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Sunday, January 15, 2017


Although he has yet to be charged in connection with the fraudulent conversion of roughly $5.0 million from the Grand Traverse Academy, convicted felon Steven Ingersoll admitted under oath during his sentencing hearing that he fabricated an accounts receivable scheme as financial cover for his diversion of funds from the Traverse City charter school. 

Ingersoll made the admission during questioning by Assistant U. S. Attorney Janet Parker on December 9, 2015. 

In this excerpt from the official transcript, Parker takes Ingersoll through a line of questioning that uncovers the method he used to steal millions from the Grand Traverse Academy. 

In short, Ingersoll paid himself his entire management fee (before he’d earned it) in a lump sum at the beginning of each fiscal year based on an estimated budget. At the end of each fiscal year, Ingersoll booked his annual overpayment as a "receivable", then used school funds at the beginning of the next fiscal year to repay the receivable, creating a new (and even larger) receivable each year: 

Q. Doesn't the rebate affect expenditures by lowering the management fee? 

A. Yeah. 

Q. And also -- there was another component to the rebate, wasn't there? It was not just a management fee, but it was also a lease component? 

A. Yeah, that's on the revenue side, and the management fee on the expense side, that's right. 

Q. Right. And the -- why don't I put it this way: Can you explain to the Court how the amount of the lease was determined. 

A. Well, as -- no, I can't explain that, other than the sum of the reduced management fee plus the gross amount of the lease. The lease was written to be determined -- I think the language in it said a retrospective determination at year-end. 

Of course, the reason it was written that way was to use it as a mechanism by which -- to influence that rebate position, so -- so I can't give you an exact -- I can't give you a definition as to how those -- the number was arrived at. It was well -- I can't say. 

Q. Well, who arrived at that number? 

A. I did pretty much. 

Q. All right. So you arrived at a number that was based on what? 

A. The primary driver of that was the amount of money that was required, amount of support, I should say, that was required to balance GTA's books for that fiscal year.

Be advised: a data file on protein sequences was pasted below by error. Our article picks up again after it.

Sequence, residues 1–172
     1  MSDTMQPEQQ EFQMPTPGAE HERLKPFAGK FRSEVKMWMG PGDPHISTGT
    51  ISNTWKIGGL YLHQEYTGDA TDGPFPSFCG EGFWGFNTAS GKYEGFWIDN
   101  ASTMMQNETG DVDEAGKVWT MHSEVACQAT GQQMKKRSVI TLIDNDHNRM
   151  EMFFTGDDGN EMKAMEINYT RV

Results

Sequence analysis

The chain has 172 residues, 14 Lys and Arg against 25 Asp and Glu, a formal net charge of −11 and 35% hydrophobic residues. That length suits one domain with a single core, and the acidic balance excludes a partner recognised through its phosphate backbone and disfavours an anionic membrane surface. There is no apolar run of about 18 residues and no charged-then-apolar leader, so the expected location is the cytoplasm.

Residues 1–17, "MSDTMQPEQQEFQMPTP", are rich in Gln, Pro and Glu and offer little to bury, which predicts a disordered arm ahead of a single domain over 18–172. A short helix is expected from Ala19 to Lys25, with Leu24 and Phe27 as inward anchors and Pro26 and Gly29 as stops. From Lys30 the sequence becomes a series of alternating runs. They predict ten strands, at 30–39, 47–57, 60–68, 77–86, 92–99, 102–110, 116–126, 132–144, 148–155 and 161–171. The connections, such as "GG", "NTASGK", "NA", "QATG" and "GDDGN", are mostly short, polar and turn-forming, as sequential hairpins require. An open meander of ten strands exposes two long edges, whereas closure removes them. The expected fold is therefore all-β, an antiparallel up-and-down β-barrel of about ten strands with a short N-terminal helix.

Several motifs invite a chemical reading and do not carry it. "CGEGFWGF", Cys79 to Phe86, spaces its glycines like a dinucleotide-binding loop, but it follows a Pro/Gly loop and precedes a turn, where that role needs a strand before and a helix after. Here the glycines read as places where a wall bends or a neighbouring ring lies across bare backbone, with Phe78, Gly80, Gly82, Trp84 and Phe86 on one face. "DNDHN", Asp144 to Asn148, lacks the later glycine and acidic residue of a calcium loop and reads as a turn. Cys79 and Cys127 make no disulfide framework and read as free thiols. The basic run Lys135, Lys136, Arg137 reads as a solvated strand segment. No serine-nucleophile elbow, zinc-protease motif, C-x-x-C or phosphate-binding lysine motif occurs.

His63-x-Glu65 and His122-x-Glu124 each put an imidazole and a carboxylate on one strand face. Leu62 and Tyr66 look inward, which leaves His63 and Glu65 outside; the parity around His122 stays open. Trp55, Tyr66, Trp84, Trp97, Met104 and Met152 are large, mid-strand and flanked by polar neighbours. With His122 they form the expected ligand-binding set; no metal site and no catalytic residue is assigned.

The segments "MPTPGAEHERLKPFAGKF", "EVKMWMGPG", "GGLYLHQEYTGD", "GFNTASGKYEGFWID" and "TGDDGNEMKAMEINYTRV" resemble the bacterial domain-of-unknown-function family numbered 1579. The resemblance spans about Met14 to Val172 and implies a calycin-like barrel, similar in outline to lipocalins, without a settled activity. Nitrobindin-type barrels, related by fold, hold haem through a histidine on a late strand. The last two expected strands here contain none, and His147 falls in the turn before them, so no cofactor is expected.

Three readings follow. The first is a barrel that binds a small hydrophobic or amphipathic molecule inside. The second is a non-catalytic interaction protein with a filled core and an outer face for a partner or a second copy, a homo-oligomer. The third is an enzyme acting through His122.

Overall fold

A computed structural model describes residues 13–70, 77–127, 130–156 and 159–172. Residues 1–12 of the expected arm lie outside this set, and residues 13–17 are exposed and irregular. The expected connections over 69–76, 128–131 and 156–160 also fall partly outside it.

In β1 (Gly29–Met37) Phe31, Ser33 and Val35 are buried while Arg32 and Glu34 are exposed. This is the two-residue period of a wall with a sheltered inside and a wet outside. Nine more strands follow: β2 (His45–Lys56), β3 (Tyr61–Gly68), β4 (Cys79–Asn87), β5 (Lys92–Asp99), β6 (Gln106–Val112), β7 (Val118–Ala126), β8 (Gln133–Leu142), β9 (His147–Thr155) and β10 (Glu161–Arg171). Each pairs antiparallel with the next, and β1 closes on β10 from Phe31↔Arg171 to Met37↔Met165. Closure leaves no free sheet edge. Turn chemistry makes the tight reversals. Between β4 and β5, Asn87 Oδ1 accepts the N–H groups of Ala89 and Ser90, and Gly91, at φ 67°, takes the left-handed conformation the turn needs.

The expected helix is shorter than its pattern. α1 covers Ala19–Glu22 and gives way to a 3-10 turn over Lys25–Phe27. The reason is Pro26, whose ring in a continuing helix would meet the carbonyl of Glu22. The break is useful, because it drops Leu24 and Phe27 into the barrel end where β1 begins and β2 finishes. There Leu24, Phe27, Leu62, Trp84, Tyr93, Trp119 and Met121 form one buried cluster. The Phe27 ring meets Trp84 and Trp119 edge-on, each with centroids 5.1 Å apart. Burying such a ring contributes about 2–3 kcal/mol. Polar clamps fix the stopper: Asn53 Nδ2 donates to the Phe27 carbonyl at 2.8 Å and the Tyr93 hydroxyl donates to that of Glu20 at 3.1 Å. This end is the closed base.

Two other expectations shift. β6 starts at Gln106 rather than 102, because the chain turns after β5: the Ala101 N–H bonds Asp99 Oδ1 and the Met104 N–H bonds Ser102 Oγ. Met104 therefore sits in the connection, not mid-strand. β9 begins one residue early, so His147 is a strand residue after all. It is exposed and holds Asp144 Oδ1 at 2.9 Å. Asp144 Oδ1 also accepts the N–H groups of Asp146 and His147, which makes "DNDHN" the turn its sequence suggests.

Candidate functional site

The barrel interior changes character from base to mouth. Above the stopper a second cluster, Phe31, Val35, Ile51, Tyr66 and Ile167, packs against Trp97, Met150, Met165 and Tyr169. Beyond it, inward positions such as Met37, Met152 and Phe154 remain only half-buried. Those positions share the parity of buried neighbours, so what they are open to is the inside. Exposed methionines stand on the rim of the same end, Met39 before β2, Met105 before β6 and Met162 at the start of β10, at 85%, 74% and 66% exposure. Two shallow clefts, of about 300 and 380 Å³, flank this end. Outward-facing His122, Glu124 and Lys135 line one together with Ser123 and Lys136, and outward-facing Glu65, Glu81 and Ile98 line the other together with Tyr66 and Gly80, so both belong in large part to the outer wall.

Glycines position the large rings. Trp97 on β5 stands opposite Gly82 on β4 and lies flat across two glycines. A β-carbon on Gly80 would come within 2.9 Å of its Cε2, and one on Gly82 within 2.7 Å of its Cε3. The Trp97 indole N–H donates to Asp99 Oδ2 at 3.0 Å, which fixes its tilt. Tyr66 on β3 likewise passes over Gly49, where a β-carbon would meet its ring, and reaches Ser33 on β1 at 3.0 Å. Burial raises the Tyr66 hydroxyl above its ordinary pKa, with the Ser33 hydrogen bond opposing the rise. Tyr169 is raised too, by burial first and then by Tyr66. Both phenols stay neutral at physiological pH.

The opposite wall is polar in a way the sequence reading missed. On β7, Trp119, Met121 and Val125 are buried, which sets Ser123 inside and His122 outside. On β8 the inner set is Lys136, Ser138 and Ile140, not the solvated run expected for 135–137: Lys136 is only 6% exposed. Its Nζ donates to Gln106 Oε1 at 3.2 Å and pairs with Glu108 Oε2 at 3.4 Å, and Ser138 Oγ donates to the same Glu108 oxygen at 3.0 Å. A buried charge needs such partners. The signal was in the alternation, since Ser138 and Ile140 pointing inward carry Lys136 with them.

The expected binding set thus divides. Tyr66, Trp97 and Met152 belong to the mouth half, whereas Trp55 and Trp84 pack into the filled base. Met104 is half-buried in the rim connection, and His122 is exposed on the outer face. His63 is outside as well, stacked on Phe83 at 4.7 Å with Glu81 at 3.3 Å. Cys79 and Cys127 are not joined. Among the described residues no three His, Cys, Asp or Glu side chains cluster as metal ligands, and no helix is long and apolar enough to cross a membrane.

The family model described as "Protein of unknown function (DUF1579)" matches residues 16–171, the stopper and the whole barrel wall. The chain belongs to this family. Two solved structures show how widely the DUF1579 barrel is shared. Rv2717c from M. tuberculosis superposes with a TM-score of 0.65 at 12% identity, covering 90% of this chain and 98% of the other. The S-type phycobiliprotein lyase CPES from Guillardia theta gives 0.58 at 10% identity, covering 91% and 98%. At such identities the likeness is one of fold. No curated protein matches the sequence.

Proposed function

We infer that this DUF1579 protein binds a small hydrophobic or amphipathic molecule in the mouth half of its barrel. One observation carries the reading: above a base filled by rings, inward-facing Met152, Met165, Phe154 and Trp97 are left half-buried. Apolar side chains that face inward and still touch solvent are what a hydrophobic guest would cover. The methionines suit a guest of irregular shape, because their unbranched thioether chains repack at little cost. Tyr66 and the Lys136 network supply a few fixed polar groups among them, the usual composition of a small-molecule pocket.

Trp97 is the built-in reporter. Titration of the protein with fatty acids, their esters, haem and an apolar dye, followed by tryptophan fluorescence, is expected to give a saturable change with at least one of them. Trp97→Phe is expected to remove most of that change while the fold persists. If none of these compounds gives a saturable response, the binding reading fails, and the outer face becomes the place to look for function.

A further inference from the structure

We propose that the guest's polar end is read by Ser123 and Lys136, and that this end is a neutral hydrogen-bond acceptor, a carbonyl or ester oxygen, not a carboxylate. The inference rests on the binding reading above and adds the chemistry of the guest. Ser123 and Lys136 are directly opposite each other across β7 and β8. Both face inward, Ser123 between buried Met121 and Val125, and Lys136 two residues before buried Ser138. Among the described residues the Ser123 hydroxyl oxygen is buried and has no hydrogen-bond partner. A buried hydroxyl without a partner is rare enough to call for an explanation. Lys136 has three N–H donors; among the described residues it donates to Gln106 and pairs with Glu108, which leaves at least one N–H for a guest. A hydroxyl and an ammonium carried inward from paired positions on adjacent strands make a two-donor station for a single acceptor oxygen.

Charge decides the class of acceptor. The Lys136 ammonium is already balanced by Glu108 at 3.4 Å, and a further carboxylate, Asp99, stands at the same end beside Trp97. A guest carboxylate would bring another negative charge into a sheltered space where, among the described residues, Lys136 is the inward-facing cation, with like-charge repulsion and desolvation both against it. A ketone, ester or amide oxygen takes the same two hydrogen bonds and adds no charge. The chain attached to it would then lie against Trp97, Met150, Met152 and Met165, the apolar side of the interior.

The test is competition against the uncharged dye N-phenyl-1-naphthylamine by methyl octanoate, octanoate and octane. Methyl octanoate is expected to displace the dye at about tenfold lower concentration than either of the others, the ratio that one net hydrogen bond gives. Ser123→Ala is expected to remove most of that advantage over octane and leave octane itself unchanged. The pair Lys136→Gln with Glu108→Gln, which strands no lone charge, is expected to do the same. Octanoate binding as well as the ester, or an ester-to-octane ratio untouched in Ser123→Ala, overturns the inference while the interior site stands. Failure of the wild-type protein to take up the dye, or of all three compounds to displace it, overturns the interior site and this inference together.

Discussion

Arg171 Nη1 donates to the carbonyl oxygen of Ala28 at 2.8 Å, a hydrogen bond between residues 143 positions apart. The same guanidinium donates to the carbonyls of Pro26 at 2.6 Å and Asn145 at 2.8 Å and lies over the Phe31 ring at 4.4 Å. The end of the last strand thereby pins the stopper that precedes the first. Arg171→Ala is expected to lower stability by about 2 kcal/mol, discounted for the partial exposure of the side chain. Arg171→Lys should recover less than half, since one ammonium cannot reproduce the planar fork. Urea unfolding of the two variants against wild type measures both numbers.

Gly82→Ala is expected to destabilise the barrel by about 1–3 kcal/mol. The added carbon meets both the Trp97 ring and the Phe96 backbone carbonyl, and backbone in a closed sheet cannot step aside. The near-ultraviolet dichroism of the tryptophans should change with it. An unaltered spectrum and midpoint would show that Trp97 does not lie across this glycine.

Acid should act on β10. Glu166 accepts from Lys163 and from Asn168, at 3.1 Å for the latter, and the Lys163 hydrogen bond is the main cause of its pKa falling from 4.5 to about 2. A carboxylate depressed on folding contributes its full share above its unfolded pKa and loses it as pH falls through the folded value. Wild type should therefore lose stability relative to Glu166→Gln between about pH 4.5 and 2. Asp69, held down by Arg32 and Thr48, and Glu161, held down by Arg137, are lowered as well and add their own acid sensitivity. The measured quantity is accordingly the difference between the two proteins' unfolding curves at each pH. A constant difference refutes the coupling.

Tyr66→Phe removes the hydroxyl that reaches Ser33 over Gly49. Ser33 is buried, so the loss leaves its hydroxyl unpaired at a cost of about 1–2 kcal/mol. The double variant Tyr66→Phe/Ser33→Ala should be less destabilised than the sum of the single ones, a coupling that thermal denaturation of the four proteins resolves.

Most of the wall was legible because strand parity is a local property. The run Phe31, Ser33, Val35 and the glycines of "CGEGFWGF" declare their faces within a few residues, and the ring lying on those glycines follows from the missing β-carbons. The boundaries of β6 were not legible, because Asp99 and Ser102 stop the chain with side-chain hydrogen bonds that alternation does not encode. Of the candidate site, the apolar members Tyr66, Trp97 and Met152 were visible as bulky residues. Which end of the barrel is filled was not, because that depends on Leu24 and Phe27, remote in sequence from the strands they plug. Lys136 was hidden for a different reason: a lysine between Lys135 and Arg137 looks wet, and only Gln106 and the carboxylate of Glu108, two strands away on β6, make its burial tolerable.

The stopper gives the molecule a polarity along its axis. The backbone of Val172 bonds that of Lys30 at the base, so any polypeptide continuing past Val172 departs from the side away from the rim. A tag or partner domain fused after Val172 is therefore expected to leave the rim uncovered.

Q. Okay. 

A. And that had to be split between the vehicle for revenue enhancement versus vehicle -- plus vehicle for expenditure reduction, management fee. 

Q. Why would you split it between those two things? 

A. I don't know. 

Q. It was your decision, wasn't it? 

A. Are you referring to the creation of this methodology or a specific year, for example? 

Q. I'm referring to why would you opt as a methodology to, in order to make things not show a deficit, attribute part of the adjustment in your management fees and use the lease to the other side of the equation to complete the necessary adjustment? 

A. I can't tell you why that is. Both of those method -- 

Q. Was -- I'm sorry. If you can't tell me why -- 

A. I guess I can say the why for both of those was the same, to create a methodology to deliver the support that the Academy needed to balance its books. 

Q. Okay. And at the start of the year, was there a lease amount in the budget? 

A. Most times. 

Q. At the end of the year, would there be any relationship between that budgeted amount and what was in the final budget, or would that figure be based on the need to make the books look balanced? 

A. It was -- the amounts were based on what it would take to balance the books at the end of the year – 

Q. All right. 

A. -- and the beginning was an estimated circumstance. 

Q. All right. And the bottom line is you never paid that amount? 

A. Well, that's not quite true. 

Q. Well, did you actually pay the lease amount that is included in the final budget to GTA? 

A. Yes. 

Q. Or was that part of the receivable? 

A. It was part of the receivable. 

Q. Okay. And when you actually paid it, did you actually transfer that amount to GTA? 

A. Yes. 

THE COURT: Now, you can answer the same question with respect to the management fee. They're two different questions. 

MS. PARKER: Right. 

BY MS. PARKER: Q. Did you actually pay the management fee? 

A. Yes. 

Q. Explain when and how you actually paid that management fee. 

A. In the first two months -- within the first two months of the prospective fiscal year, the rebate total in the preceding fiscal year was paid by actual transfer of monies from Smart Schools to GTA. 

Q. All right. 

A. Simultaneously, thereabouts, sums of money from GTA were trans -- that were budget authorized in the previous year were transferred to SSM to supply the money to do so. 

Q. In other words, you used the next year's money to pay the last year? 

A. That is correct. 

Q. And that is why the receivable kept growing? 

A. No. 

Q. Then why did the receivable -- the receivable is a combination of the management fee and the lease, correct? 

A. No. THE COURT: Can I stop for just a moment. 

MS. PARKER: Sure. 

THE COURT: This is not the time to be curt with the prosecutor. You know these answers.